Are you planning any more tattoos?
I’m definitely planning on getting more stuff done, I’ve got a long list of artists that I would like to get tattooed by, but being a student money is always an issue.
Where do you get your inspiration from?
At first I wanted my tattoos to have meanings, so I guess I went for imagery that represented certain statements. But as I got more into tattoos and started digging deeper into the art and history of it, especially old school style, I started going for images that appeal to me on an aesthetic level. Stuff like vintage flash is something I find most inspirational, it is timeless and will not have that awful ‘hipster’ tattoo feel 20 years down the line.
How would you describe your style?
I wouldn’t like to think that I fit onto any specific style shelf. As long as something appeals to me visually or on some other level then I try and work into my wardrobe/lifestyle.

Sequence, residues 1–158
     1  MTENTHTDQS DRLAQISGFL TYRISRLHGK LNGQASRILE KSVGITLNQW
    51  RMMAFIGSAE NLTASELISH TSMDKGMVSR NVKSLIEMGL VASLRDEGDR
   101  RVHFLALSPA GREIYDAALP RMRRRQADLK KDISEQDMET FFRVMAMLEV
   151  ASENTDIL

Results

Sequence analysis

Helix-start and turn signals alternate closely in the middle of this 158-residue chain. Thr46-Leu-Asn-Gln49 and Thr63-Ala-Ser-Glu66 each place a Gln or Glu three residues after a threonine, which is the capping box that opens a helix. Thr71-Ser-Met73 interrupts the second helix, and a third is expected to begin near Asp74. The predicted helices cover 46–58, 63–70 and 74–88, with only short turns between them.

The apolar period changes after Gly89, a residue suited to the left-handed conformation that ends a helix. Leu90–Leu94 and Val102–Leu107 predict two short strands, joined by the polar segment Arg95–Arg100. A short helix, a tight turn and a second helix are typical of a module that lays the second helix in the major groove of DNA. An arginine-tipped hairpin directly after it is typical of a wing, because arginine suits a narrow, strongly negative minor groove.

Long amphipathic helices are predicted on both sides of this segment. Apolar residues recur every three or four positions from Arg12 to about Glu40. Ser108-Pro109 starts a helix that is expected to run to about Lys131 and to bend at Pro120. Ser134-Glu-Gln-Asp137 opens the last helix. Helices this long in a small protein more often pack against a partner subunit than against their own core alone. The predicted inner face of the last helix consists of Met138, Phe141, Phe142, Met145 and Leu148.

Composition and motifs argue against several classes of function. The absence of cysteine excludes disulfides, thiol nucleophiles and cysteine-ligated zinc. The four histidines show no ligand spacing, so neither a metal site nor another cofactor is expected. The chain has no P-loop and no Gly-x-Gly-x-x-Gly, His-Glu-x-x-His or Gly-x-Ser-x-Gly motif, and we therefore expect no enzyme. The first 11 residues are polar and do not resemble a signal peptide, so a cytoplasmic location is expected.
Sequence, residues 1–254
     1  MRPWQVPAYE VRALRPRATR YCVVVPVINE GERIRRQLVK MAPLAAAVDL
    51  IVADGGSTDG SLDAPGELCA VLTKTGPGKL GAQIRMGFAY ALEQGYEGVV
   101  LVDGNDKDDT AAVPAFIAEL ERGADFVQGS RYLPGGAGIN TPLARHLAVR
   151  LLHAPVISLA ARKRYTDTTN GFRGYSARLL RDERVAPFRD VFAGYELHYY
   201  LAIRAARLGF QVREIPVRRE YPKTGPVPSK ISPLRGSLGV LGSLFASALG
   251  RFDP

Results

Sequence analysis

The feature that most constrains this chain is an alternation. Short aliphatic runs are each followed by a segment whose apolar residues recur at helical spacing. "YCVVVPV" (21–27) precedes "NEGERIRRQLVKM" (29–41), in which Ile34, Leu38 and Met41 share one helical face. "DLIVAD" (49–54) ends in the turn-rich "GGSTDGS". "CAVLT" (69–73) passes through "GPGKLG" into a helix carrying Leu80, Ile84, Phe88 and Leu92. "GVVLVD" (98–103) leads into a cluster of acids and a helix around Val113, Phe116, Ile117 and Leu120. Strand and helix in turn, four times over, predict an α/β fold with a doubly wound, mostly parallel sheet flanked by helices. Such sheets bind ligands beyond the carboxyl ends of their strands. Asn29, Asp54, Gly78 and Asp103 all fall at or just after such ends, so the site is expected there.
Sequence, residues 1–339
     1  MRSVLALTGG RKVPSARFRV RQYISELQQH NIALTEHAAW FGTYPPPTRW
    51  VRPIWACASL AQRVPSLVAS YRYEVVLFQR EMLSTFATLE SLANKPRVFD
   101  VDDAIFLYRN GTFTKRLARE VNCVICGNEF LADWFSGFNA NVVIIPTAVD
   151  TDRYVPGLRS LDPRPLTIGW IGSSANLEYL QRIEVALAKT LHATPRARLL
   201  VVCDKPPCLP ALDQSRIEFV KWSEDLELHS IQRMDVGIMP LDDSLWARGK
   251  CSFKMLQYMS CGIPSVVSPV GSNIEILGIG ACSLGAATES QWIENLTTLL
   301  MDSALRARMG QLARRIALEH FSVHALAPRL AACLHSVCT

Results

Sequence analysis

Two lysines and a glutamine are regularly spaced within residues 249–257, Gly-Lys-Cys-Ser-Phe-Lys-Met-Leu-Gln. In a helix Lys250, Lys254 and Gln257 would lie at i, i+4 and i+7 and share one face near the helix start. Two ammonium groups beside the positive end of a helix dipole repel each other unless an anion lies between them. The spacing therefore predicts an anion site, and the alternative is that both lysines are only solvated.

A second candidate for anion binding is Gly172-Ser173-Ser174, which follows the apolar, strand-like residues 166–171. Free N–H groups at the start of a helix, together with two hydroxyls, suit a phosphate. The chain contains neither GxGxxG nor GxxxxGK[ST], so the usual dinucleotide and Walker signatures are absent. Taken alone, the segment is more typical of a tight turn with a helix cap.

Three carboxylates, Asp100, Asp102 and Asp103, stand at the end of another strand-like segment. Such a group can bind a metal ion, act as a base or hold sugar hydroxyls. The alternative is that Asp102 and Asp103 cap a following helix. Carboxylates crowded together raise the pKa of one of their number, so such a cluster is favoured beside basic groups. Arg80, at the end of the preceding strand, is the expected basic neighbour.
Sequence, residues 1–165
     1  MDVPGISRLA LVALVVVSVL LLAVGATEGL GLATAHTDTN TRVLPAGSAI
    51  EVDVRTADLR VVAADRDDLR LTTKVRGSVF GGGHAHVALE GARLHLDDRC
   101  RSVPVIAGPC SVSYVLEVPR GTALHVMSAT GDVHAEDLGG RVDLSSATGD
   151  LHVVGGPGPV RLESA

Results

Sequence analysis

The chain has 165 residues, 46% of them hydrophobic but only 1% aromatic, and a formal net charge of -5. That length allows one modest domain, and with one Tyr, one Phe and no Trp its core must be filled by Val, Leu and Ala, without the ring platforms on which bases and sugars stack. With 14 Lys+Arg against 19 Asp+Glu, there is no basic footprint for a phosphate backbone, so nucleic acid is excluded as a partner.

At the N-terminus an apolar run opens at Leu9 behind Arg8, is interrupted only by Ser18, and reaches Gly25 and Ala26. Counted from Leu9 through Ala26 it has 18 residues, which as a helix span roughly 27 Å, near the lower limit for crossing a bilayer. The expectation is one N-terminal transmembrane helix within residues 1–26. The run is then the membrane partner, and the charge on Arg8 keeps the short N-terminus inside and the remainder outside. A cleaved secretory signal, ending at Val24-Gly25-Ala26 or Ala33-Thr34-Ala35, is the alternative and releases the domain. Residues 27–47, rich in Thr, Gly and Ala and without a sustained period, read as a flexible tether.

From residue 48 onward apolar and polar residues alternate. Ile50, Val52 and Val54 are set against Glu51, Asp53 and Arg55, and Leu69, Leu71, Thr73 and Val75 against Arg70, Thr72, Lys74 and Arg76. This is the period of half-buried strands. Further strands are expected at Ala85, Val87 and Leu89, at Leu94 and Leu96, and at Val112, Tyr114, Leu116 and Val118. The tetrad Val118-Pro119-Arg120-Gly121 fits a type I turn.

Do you have a favourite tattoo?
I think my favourite is the scales on my inner arm, the inspiration came from a song called ‘Sweet#Hart’ by Closure in Moscow. It’s about balancing out, thinking with your head and thinking with your heart, which is something I’m awful at so it’s a constant reminder not to let one outweigh the other.
Do any of your tattoos have meanings?
As I mentioned earlier the scales have a pretty srong meaning. Girl with the mirror is a reminder to never judge people on their looks. ‘Stay Young’ is pretty self explanatory. ‘Let Hate Save You’, on my foot from a song by Emarosa is there as a reminder that if anything or anyone ever lets you down you might aswell hate it instead of letting it get to you (this last one makes me sound awful haha).
Beautiful tattoos and a very interesting interview. Lovely to meet you Sylwia and I LOVE your tattoos.